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4.7.2009: America's 4 July bonfires served a dual purpose yesterday. They burned the wood of trees destroyed by a trio of bugs that are devastating parts of the nation's forests.

With 750 million acres of forests in the United States, the scale of the problem is massive. Since 1999, the country has lost, on average, 1 per cent of its tree cover per year. This means these small insects have killed about 10 per cent of all US forests in 10 years.

Two of the bugs, says the government, have the potential to destroy $700bn (£429bn) worth of forests.

Already, one beetle – the emerald ash borer – has invaded 13 US states and two Canadian provinces. In those places, all movements of firewood are illegal and contractors who have moved logs have been fined by the courts and banned from working in the quarantined areas.

Last month, the emerald ash borer (or EAB) was identified in New York State, home to 700 million ash trees which sustain a profitable furniture industry and even provide the raw material for baseball bats. Ironically, the trees were replacements for elms killed off by Dutch elm disease. America's chestnut trees have also suffered catastrophic damage from blight.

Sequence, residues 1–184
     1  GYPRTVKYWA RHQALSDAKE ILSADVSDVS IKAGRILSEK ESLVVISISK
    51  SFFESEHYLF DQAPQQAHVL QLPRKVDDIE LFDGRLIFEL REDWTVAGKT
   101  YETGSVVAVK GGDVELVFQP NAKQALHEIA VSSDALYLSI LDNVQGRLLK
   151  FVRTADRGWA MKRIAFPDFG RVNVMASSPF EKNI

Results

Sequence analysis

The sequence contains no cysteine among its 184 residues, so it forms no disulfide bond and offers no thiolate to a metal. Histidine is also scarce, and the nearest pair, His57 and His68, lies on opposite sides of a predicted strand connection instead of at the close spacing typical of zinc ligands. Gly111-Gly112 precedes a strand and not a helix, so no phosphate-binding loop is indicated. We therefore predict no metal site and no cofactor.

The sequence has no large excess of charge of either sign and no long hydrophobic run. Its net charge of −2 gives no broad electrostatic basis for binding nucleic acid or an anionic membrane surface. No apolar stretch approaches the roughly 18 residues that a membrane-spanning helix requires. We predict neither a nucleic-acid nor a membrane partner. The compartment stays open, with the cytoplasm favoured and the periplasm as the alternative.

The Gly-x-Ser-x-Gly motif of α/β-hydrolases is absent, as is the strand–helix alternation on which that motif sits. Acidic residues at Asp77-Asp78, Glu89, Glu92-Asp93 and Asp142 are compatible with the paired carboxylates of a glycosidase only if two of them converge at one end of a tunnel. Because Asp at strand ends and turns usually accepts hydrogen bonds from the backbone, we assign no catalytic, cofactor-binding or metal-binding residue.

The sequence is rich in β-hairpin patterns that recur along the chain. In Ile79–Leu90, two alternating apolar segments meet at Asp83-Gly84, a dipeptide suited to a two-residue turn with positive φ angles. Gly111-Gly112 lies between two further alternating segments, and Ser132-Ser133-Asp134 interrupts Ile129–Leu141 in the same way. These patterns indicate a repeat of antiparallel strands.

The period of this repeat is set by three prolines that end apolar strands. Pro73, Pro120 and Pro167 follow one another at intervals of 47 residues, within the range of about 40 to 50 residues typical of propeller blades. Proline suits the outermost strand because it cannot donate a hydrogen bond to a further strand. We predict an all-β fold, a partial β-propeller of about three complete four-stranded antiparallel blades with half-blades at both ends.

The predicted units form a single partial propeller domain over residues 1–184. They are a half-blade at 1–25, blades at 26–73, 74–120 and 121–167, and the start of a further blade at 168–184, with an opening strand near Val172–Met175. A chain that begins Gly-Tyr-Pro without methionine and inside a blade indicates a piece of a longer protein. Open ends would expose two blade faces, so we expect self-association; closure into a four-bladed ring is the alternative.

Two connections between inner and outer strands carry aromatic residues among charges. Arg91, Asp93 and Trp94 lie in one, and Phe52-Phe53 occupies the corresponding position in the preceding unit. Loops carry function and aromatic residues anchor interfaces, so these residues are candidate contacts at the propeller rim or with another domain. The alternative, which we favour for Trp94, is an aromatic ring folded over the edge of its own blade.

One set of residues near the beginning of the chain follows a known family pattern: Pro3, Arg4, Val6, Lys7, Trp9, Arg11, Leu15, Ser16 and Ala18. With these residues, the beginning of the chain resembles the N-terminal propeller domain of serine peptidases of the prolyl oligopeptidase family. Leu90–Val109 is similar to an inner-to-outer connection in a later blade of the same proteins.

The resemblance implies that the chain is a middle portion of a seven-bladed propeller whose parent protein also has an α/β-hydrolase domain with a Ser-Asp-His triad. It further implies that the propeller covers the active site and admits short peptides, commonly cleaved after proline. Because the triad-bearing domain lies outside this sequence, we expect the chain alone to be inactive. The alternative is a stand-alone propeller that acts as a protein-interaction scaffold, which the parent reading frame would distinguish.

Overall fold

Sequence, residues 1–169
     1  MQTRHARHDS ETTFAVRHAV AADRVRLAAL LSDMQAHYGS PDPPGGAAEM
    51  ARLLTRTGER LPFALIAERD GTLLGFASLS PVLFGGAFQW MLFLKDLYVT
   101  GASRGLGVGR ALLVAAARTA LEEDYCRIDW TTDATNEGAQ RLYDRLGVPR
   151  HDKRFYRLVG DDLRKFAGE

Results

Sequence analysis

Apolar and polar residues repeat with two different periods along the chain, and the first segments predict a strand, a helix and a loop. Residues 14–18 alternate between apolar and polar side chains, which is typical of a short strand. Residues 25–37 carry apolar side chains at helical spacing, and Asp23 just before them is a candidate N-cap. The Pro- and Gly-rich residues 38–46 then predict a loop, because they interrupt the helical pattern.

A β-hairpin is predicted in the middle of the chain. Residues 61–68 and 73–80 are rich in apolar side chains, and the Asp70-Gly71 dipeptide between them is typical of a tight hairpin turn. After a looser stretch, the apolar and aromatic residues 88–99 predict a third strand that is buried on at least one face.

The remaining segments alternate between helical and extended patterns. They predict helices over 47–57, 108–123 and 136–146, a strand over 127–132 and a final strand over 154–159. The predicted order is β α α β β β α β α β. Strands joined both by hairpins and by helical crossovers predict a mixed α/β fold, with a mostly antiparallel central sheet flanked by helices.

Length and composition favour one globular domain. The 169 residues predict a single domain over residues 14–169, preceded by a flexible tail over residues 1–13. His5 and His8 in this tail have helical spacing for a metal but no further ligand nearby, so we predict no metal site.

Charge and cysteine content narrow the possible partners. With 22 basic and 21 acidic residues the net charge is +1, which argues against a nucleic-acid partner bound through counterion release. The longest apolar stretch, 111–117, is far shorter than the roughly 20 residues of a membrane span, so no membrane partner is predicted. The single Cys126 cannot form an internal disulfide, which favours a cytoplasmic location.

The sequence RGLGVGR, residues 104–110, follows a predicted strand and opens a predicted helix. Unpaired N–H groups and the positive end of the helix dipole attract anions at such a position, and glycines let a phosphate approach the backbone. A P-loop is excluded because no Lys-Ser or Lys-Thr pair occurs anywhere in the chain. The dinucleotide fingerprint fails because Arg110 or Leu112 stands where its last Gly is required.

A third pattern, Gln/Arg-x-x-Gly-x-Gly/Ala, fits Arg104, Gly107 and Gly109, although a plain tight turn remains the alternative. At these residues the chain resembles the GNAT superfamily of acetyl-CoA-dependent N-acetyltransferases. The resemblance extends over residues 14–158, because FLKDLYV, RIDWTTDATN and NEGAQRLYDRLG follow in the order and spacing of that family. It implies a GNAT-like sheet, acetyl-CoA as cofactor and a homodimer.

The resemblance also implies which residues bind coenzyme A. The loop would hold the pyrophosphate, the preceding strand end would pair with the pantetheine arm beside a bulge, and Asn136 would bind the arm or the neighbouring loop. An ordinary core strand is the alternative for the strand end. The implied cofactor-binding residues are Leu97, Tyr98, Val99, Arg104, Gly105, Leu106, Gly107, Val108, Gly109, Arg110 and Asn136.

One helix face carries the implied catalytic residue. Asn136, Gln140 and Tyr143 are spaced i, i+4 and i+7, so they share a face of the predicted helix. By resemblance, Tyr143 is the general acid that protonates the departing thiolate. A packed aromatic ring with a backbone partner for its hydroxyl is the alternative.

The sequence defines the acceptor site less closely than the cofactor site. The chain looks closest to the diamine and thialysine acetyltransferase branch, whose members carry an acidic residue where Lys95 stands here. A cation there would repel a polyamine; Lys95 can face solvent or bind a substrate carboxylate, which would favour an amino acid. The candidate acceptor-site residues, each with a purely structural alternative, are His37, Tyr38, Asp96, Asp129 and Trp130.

The borer, which comes from China, first entered America in the wood of crates shipped to Detroit in the early 1990s, but it was 2002 before it was formally identified. The tiny, creamy-white larvae bore through the bark and adults start emerging in mid-June. The larvae damage causes general yellowing and thinning of the foliage, followed by crown dieback and the eventual death of the tree. The borer has killed around 50 million trees in Michigan and tens of millions in 12 surrounding states and in Canada's Ontario and Quebec.

Therese Poland, of the US Forest Service, said that in a bid to attract, trap, identify and monitor the insect, the service has researched the odours, or kairomones, produced by the ash; these allow the insects to identify the trees. Ms Poland said the service is hoping to find the "ultimate attractant", and it is hoped this will prove more successful than the sticky traps hoisted in tens of thousands of ash trees across the Midwest. Another theory – not Ms Poland's – is that purple attracts the male insect because it replicates the colour of a female's backside.

Ms Poland added that one of the problems is that the borer is difficult to find because the eggs are very small and are laid in bark cracks. The larvae can live under the bark for two years before they emerge from the wood in which they have been feeding, which means a harmless-looking piece of firewood can turn into a beetle-bomb.

"You stack the firewood up at your cabin and if it doesn't get burned right away, then a whole bunch of beetles might come out of it next year," Ms Poland said, adding that one piece of firewood could produce up to 50 beetles.